On May, the Congress passed a bill that would permit survivors and families of the victims on 9/11 to seek monetary reparations against Saudi Arabia, using the premise that the country has ties to terrorism. On Friday, the bill was sent to the White House, where many believe President Obama will shut it down.
The Congress claimed the bill was a “moral imperative” that was necessary so the survivors and the victim’s families could “seek justice.” The decision was taken days before the fifteenth anniversary of the terrorist attacks. However, many believe that the White House will veto the bill, under the argument that it will probably damage the diplomatic relations between the United States and Saudi Arabia.
The fight for the right to sue
Those who have begged and fought for years for the passing of the bill are now worried President Obama will shut it down. However, they argue there are enough people interested in making a successful override vote against the Executive’s pocket veto.
Terry Strada is one of these people. Her husband died in the attack, and since then she has campaigned extensively for a lawsuit against Saudi Arabia, even founding the 9/11 Families United For Justice Against Terrorism organization.
Right now, she is worried the highly controversial presidential campaign could distract from the bill.
“This is more important than campaigning. You can campaign after; you will never have a chance to pass [the bill] again. This is the priority” pleaded Strada.
Whatever Obama chooses, he won’t win
President Obama is in a dilemma. Administration officials and many others have been campaigning for vetoing the bill since it could carry repercussions to officials living outside the US borders.
However, in the midst of the attack’s anniversary and the highly emotional presidential campaign, this would signify a terrible political move when the Election Day is so close.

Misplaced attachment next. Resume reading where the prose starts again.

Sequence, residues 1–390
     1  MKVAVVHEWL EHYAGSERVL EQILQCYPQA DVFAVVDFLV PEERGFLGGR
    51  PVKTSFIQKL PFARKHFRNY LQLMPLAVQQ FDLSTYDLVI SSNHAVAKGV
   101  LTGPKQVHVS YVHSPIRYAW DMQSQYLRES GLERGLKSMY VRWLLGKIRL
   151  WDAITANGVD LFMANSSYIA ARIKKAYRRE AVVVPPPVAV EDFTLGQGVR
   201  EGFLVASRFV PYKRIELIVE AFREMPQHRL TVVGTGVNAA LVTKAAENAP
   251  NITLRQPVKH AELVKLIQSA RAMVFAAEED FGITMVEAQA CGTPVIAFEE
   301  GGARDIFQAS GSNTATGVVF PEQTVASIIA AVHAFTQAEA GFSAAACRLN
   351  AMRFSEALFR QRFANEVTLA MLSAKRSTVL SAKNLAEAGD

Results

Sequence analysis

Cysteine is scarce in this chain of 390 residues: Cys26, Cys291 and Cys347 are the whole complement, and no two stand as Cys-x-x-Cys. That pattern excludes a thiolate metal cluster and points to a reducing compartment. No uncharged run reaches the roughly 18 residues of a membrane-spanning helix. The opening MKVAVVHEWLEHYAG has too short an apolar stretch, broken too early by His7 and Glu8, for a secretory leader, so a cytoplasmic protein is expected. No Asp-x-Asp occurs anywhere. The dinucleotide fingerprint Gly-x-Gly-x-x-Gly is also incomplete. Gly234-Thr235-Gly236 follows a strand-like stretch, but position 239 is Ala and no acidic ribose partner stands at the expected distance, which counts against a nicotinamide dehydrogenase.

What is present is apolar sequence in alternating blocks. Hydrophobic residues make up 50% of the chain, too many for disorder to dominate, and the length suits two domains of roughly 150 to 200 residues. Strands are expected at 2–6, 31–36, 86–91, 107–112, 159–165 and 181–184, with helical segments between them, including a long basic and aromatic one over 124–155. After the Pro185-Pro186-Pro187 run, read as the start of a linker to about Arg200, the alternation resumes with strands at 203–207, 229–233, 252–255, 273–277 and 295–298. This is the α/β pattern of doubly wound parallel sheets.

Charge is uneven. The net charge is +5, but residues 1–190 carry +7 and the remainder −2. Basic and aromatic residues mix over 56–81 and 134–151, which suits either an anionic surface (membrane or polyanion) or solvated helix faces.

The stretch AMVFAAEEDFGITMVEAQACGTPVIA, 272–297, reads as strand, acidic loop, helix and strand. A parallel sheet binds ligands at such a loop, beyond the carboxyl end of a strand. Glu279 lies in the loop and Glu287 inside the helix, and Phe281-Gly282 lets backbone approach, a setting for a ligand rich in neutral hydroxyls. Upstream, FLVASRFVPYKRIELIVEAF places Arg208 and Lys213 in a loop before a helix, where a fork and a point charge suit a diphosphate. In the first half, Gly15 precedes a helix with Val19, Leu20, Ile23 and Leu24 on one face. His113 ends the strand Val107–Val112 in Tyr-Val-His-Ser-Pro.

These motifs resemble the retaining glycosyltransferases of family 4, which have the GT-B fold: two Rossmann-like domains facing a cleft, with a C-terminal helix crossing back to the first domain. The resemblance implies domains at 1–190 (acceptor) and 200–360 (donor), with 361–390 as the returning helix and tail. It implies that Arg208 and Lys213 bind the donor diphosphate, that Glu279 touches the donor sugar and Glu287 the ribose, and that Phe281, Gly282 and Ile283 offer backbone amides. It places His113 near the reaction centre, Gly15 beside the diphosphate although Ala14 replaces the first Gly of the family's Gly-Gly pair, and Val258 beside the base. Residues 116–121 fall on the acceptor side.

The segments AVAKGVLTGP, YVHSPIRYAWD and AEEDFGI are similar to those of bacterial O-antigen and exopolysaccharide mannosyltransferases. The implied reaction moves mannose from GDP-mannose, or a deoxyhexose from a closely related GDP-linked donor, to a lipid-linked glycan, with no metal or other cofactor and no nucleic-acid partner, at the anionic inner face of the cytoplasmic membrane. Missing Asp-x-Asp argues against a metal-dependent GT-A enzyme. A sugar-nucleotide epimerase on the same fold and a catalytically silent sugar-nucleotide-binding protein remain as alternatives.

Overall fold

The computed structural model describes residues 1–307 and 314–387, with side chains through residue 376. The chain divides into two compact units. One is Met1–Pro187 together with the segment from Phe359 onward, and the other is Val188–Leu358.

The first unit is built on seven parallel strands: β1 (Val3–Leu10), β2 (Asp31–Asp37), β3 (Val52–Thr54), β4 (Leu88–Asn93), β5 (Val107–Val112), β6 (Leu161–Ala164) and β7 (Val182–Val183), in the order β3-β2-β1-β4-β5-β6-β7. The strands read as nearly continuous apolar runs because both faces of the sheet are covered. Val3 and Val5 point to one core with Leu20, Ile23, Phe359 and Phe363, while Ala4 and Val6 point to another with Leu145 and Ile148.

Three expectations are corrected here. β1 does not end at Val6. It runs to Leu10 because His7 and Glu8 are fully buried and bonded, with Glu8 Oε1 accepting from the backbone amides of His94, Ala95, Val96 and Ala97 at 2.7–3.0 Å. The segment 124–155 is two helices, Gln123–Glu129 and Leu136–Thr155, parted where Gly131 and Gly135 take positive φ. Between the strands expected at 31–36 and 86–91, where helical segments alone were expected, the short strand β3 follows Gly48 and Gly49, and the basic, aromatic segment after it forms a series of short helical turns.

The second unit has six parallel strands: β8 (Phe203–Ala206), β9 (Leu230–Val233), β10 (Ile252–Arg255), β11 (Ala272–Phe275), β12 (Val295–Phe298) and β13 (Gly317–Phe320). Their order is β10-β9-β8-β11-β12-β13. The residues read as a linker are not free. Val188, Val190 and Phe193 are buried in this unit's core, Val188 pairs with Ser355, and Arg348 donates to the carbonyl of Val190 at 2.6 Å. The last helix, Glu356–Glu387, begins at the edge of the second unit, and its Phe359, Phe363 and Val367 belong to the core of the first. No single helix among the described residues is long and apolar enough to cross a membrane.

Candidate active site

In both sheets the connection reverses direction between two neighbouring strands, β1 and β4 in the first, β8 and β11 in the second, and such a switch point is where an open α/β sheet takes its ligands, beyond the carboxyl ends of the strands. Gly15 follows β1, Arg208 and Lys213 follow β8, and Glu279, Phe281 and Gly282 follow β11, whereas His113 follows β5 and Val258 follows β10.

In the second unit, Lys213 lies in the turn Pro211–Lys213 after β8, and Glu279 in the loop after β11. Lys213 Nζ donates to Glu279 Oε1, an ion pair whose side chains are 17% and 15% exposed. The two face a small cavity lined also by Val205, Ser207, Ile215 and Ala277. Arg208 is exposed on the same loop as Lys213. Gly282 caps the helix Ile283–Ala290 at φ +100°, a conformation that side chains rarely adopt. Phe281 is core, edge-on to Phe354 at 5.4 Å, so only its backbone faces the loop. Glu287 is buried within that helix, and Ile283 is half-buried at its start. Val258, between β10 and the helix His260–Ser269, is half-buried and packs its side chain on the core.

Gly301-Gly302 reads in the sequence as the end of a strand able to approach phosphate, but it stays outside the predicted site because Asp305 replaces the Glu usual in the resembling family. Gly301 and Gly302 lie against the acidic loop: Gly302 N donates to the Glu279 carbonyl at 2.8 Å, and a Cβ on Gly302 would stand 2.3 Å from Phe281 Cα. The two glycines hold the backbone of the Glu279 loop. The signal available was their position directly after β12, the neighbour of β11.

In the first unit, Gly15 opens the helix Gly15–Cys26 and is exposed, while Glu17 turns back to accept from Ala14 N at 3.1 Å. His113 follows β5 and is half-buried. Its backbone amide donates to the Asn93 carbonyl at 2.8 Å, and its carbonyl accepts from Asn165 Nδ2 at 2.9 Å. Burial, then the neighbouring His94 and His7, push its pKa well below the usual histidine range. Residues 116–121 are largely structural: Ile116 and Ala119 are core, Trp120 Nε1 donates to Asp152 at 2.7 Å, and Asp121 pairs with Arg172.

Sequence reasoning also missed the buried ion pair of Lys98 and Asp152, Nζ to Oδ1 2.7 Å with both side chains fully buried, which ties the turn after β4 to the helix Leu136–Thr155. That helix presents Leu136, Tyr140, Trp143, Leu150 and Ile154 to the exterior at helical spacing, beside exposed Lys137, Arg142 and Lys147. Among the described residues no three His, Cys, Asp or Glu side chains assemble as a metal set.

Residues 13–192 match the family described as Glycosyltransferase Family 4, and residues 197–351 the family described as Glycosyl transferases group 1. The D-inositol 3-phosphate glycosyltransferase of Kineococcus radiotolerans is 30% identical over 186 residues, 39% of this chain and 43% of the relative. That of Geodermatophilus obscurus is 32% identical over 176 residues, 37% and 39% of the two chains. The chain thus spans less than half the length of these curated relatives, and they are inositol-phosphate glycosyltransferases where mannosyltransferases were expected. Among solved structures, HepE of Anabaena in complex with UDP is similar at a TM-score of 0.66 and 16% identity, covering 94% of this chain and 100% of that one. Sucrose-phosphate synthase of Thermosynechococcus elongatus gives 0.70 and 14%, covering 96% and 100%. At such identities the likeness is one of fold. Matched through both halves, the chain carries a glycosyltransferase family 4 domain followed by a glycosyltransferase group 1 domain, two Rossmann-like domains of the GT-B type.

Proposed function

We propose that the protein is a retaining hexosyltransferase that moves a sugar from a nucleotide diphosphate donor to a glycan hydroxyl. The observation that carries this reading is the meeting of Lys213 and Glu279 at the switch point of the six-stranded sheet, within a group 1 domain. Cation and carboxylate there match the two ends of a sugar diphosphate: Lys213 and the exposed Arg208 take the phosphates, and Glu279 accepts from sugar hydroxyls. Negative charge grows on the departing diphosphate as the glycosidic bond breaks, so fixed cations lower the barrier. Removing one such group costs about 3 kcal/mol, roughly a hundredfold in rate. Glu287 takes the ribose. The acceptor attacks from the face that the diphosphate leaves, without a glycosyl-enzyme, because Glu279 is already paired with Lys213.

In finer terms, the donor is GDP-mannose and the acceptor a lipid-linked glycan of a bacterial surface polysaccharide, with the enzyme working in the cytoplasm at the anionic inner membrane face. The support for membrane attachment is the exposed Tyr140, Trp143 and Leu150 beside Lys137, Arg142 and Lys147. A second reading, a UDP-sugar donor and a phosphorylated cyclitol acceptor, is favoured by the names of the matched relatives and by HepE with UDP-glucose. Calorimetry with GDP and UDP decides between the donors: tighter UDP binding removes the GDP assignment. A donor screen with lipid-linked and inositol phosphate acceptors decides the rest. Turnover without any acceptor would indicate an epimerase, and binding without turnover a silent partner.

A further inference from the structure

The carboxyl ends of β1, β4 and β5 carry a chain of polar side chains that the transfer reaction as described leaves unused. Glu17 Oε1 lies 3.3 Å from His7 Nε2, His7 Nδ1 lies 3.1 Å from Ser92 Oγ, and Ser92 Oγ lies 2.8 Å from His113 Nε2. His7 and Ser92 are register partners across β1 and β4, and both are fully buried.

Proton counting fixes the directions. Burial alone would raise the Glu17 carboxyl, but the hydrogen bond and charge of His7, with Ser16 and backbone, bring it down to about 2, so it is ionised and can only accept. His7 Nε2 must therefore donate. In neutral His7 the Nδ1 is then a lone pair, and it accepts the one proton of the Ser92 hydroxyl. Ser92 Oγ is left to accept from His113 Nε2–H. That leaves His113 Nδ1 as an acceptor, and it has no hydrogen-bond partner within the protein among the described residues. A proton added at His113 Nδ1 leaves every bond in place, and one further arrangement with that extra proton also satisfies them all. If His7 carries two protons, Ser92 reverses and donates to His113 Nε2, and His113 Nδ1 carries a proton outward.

At the same time, a “pocket veto”, which just means delaying the bill’s signing until is too late, could prevent some of the political drama, but would still be controversial, and something the bill supporters would fight.
In a related case, a group of both democrats and republican senators announced recently that they will fight to block a proposed sale of weapons to Saudi Arabia worth more than one billion dollars made by the Obama’s administration.
A controversial bill
The passing of the bill will permit US courts to accept claims against Saudi Arabia, actually ignoring foreign sovereign immunity, only in terrorist cases.
Josh Earnest, a White House Spokesman, has stated that Obama’s administration “strongly continues to oppose this legislation, and, you know, we’ll obviously begin conversations with the House about it.”
Bill’s supporters have said that US officials abroad should have nothing to fear because the countries that “have done nothing wrong” should have anything “to worry about.”
After the bill had been passed with unanimous consent, the current administration disclosed twenty-eight pages from a 2002 congressional inquiry into the 9/11 attacks. In these documents, there was nothing that suggested a connection between Saudi Arabia and the terrorist attacks.
Nonetheless, this sparked the attention of many, especially victims’ families, who now want to use the judiciary as a tool for further inspection on the allegedly Al Qaeda-Saudi Arabia link.
Now that the Congress sent Obama the bill, he has ten days to veto the bill before it becomes law. However, there is always the possibility of doing the pocket veto. This last resort could be fought. However, the Congress will probably disband by next week so it can focus on the final steps of the presidential election race, which could mean the end of the bill.
Strada has stated that she doesn’t believe “they’re going to let us down. I don’t think they would have done all this work, just to let it fall apart at the end.”
Saudi Arabia responds
The Saudi government has denied any connection with the 9/11 attack. Last month, the Salman bin Abdulaziz’s administration threatened to sell US investments.
These investments together sum up $116.8 billion in US Treasury securities, which makes Saudi Arabia the thirteenth largest holder of the American debt in the world.
According to some US officials, the Saudi government is bluffing, since they are not going to risk a financial loss “to try to make a point.” However, Saudi officials have replied that they are neither bluffing nor threatening, but merely doing what anybody would do “to protect their interests.”
Saudi Foreign Minister Adel bin Ahmed Al-Jubeir reunited on Monday with Secretary of State of John Kerry in Geneva. After the meeting, Al-Jubeir claimed that “you can warn. What has happened is that people are saying we threatened. We said that a law like this is going to cause investor confidence to shrink. And so not just for Saudi Arabia, but for everybody.”
Sources: The Washington Post